Here are some correct uses of "begun." Notice the helping verb (the auxiliary verb) that goes along with it. The verbs can be separated--such as by "not"--but they still work together.

- You cannot be seated after the play has begun.
- I have begun a shopping list.
- We have not yet begun to fight.
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Re: Construction of the Roman Colosseum, which was officially [#permalink]

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15 Jul 2013, 04:54
I get that the OA is C, but what is the difference between began and begun

hi

BEGAN VS BEGUN:

In grammatical terms, it's this: "began" is past tense and "begun" is the past participle.

What this means in use is that if you are talking about something in the simple past tense, you would always use "began." These sentences are correct:

- I began music lessons when I was 6.
- The story began in the Colonial Period.
- Where were you when the game began?
- Our relationship began when we were in high school.

A participle can't be used all by itself as a verb. Another verb has to go with it. So you can't say something "begun." You have to say it "has begun," "had begun," "was begun," "will be begun," and so on.

"Begun" would be wrong in every one of the examples above and in any other sentence like them.

Here are some correct uses of "begun." Notice the helping verb (the auxiliary verb) that goes along with it. The verbs can be separated--such as by "not"--but they still work together.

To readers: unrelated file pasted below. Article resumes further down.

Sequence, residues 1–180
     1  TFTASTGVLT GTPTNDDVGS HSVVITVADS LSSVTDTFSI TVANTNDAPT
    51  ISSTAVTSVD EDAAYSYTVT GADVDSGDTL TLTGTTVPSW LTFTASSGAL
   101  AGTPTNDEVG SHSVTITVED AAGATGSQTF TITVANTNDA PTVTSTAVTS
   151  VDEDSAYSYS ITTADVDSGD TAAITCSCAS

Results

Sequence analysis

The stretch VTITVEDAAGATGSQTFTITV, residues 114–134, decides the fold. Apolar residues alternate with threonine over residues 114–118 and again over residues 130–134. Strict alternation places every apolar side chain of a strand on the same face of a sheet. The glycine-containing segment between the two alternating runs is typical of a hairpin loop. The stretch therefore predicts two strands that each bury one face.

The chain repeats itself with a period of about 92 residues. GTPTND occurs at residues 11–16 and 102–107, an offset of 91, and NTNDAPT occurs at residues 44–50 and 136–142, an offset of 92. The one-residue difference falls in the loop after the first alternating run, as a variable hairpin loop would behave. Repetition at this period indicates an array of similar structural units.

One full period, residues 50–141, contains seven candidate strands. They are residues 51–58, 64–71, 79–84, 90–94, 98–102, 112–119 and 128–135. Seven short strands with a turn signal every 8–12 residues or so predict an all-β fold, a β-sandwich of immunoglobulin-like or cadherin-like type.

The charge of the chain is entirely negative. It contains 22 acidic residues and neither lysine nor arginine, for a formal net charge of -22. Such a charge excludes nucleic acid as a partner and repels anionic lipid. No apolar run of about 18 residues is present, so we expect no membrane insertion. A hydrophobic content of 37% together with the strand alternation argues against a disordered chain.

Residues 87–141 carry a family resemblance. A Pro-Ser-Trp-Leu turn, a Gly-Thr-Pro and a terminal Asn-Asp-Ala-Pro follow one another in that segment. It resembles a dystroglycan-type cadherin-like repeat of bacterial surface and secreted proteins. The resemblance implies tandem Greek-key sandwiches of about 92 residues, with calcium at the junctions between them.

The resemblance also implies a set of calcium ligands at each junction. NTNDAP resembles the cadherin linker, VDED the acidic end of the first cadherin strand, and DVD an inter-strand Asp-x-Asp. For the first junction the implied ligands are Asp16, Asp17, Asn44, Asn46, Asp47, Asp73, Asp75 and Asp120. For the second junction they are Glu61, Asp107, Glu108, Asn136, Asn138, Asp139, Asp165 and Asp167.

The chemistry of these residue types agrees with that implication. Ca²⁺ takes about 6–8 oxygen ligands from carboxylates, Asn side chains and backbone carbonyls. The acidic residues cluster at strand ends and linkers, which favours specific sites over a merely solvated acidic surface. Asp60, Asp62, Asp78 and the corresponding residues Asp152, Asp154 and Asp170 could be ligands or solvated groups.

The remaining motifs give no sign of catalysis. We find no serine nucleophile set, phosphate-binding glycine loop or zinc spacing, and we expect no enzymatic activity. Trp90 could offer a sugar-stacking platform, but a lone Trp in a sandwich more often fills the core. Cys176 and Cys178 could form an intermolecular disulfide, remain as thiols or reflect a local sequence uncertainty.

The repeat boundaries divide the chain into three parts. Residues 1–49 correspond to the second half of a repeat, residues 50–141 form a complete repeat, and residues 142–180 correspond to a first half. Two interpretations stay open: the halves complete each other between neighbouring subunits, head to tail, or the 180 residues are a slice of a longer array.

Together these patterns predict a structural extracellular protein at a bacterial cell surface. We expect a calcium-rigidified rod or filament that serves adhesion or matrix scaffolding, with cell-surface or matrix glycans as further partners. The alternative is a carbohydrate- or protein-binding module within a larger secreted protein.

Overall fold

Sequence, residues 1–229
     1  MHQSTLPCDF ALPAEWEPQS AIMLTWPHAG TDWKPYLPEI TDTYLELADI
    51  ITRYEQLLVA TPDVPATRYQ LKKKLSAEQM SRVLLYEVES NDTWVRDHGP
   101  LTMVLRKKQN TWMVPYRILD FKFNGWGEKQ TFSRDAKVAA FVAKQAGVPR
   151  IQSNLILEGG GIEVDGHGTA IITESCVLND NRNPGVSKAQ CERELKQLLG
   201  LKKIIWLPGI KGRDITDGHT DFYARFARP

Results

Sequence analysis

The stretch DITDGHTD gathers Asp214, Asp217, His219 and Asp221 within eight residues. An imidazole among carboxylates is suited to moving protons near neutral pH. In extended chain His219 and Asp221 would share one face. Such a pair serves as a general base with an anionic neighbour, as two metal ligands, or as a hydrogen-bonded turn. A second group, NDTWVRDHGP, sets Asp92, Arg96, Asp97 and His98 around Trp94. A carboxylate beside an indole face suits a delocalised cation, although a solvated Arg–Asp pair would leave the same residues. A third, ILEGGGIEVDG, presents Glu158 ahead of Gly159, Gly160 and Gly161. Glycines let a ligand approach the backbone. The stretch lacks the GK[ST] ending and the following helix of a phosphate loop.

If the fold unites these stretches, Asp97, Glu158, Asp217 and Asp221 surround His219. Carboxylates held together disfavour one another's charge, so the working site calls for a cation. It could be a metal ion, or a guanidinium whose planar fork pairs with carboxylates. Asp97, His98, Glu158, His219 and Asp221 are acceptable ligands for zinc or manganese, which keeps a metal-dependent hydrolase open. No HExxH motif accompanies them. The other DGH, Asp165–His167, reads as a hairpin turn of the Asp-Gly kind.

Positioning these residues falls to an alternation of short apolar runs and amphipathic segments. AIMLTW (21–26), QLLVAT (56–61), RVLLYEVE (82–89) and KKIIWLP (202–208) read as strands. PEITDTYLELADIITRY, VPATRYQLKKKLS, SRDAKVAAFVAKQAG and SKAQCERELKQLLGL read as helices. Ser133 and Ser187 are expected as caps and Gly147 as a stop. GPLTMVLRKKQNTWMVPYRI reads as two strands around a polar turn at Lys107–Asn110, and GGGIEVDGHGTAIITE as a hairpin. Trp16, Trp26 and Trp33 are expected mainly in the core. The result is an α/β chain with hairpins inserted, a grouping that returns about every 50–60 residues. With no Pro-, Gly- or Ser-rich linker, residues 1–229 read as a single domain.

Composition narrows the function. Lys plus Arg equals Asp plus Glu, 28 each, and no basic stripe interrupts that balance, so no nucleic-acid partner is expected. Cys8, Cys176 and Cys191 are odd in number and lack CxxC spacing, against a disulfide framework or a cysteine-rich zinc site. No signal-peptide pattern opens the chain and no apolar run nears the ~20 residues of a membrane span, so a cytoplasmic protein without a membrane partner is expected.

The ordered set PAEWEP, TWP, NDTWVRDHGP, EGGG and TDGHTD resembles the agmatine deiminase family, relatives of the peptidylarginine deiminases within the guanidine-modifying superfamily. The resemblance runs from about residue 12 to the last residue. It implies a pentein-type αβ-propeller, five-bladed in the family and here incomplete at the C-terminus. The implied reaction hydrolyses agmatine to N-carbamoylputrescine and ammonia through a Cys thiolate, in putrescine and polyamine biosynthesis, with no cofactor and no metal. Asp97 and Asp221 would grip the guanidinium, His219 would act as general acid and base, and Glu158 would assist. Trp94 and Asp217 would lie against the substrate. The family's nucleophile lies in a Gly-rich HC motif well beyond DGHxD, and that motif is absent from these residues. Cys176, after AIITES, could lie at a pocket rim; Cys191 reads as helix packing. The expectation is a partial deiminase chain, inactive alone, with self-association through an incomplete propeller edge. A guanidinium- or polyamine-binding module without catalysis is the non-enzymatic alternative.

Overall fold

- You cannot be seated after the play has begun.
- I have begun a shopping list.
- We have not yet begun to fight.

Likewise, if you are using "had" or "have" or another auxiliary, you must use "begun" and not "began." These sentences are all wrong:

WRONG - Have you began your assignment?
WRONG - My shift had began at 3:00.
WRONG - The party has not began yet.
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Re: Construction of the Roman Colosseum, which was officially [#permalink]

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09 Aug 2013, 22:14
In most of the cases, the following pattern appears:

noun+modifier 1+modifier 2.

so, modifier 2 normally modifies (noun+ modifier 1) and dose not need to touch the noun.

however if there is no modifier 1 but a phrase which dose not modifies the noun, the pattern is wrong

I learn English well, which is spoken by many persons

this is wrong because "well" dose not modifier "English"

I learn English of this region, which is spoken by many persons.

this is correct sentence because "of this region" modifies "English"

in short, in most cases, a noun modifiers modifies "noun+noun modifier" not modifies only the noun and can not touch the noun.
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Re: Construction of the Roman Colosseum, which was officially [#permalink]

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05 Sep 2013, 07:54
I do not fully understand, when verbs need to be sequenced (one in past perfect and one in simple past) and when both can be in simple past. In this sentence, I though that when the verb "began" is in the same tense as "completed", it must definitely be wrong, because the first action should have taken place before the second action.

So why is "begun" wrong here...is it because it should have been "had begun"?

Many thanks!
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Re: Construction of the Roman Colosseum, which was [#permalink]

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16 Sep 2013, 05:55
pqhai wrote:
zazoz wrote:

1. 'Construction' is the subject, right? so how this sentence possible : 'construction of the Roman.....began in blah blah'. My point is how the 'construction' began something?? It seems illogical to me. Shouldn't it be 'construction was begun' in 'C'? I know! I must be wrong, but I couldn't justify myself until now.